Data analysis

From the house-to-house survey, proportions, attack rates, and the case fatality rate was calculated. Matched odds ratio (mOR) with 95% confidence intervals (CIs) was also calculated. Two-tailed McNemar test was performed when there were 20 or more discordant pairs and two-tailed Fisher's exact test was employed when there were fewer than 20 discordant pairs. The analysis was done in Epi Info software, version 7.2. Drinking water sources were stratified by area, and mOR with 95% CI was calculated to determine the risk of illness associated with specific drinking water source.

Laboratory testing

Seven stool specimens were collected and tested from cases for V. cholerae by culture at the regional IDSP laboratory, Lucknow, UP.

Environmental assessment

All drinking water sources (covered, uncovered, public, and private) and toilets (public and private) were enumerated in all three areas (A, B, and C) of Muzaffarpur Village. Water samples from all water sources (well, hand pump, overhead tanks) of Area–A was tested for fecal contamination using hydrogen sulfide (H2S) strip tests and free residual chlorine using ortho-toluidine field test kits was estimated. This same procedure was repeated only on the overhead tanks in Area–B and Area–C. Bacteriological analysis of water samples from wells A1 and A3, where cases clustered, was carried out for indicator organisms, i.e., total and fecal coliform (Escherichia coli) by most probable number (MPN) method. Water samples were collected in sterile containers for testing at the regional IDSP laboratory in Lucknow, UP.

Ethical considerations

The investigation was a public health response to an outbreak as part of the India Epidemic Intelligence Service Program, undertaken with the purpose to identify the source of spread for immediate control of outbreak and intended for benefit of the community at large. Ethical approval is not applicable as part of public health response. The investigation did not involve any human laboratory sample collection for research purpose and there were no invasive investigations or medical interventions/experiments. All the ethical principles and guidelines were adopted and maintained during the outbreak response: the investigation was aimed at achieving public good (beneficence) and collective welfare (solidarity); no harm was done to any individual (non-maleficence); fair, honest and transparent (accountability and transparency); and participants' data were de-identified prior to analysis (confidentiality).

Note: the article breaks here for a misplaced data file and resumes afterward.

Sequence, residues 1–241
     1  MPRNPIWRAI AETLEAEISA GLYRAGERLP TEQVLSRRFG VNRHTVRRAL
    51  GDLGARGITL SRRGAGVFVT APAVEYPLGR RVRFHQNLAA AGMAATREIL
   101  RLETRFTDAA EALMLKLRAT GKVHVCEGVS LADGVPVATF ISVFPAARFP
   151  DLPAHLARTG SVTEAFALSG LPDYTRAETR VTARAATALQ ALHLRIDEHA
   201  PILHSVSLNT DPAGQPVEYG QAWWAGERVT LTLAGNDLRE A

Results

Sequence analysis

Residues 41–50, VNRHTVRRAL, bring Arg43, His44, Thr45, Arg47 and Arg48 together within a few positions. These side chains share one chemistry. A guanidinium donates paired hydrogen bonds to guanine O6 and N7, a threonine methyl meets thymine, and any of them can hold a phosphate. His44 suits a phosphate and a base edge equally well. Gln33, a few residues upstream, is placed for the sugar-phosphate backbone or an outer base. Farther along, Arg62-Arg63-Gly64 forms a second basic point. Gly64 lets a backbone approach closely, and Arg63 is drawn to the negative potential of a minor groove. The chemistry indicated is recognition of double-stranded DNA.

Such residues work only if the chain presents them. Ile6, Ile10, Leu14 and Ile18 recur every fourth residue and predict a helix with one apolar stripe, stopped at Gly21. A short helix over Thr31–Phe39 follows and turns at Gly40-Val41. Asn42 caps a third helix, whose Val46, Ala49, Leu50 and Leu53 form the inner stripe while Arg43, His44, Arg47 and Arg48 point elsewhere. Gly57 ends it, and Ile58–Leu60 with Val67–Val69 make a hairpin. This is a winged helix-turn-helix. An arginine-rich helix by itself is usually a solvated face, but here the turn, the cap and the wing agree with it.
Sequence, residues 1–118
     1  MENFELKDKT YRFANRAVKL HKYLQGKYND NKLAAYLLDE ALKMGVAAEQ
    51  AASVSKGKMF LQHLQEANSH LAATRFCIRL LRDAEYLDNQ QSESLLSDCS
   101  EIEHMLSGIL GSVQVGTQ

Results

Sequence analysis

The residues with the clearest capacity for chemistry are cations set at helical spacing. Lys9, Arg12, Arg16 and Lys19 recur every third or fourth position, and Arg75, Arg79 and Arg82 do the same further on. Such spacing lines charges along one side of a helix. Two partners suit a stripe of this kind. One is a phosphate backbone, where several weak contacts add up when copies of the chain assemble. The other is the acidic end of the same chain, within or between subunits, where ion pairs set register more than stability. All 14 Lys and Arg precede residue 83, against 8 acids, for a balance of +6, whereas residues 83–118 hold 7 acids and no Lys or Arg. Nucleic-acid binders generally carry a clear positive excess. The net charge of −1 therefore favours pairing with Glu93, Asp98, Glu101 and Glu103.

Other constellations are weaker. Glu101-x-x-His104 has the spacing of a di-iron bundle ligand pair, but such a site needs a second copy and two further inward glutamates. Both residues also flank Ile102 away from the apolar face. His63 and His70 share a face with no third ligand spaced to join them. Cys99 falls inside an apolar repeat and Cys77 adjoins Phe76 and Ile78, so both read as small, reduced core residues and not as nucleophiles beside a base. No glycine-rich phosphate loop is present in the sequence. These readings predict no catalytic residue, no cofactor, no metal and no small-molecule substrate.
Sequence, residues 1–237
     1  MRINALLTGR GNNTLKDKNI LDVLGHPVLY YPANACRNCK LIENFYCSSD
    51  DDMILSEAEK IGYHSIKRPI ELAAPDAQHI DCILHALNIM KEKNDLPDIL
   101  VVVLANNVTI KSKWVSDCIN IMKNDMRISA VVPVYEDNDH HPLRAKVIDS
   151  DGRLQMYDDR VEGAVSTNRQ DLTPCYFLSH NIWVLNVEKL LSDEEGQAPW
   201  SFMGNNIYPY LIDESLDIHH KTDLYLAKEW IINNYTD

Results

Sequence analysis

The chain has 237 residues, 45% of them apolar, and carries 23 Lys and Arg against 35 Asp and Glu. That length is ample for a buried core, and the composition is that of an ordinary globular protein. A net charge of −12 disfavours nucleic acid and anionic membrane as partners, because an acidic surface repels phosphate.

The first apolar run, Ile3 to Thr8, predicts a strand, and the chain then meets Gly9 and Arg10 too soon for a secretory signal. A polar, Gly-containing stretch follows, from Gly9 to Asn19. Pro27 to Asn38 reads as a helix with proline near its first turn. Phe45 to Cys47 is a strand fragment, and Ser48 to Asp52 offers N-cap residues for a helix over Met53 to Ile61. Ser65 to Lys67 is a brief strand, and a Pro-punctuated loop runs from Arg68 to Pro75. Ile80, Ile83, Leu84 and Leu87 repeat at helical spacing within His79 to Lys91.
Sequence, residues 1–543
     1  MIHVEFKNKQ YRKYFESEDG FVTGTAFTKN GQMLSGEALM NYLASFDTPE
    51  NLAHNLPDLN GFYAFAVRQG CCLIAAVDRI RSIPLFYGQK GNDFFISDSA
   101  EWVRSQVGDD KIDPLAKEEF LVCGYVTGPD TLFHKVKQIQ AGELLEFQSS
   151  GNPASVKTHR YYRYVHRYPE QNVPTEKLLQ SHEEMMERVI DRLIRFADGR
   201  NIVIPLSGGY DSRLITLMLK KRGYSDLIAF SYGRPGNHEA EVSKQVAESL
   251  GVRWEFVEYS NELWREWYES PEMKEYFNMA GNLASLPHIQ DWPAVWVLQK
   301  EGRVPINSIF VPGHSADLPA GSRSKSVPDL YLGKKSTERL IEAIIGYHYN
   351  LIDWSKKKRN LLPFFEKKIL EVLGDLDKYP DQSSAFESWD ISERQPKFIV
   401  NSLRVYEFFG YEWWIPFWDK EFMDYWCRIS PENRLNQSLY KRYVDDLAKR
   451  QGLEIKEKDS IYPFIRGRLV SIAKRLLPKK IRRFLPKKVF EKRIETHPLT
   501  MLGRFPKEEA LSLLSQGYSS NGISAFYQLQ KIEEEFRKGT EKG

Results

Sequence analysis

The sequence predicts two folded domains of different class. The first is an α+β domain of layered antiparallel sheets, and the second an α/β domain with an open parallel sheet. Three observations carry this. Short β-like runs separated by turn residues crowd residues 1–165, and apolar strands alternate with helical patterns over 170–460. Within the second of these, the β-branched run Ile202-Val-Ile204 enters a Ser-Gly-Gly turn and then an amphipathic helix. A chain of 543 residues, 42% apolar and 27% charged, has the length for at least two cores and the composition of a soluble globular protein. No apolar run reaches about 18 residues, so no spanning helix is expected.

Results Top


Mean number of ADD cases in Muzaffarpur Village ranged from 2 to 7 per week during the 4th week of June to 3rd week of August (weeks 26–33) during 3 years' period from 2014 to 2016. In 2017, there were 15 ADD cases in Muzaffarpur village during week 28, which exceeded the >2 standard-deviation threshold. Thus, we confirmed the ADD outbreak.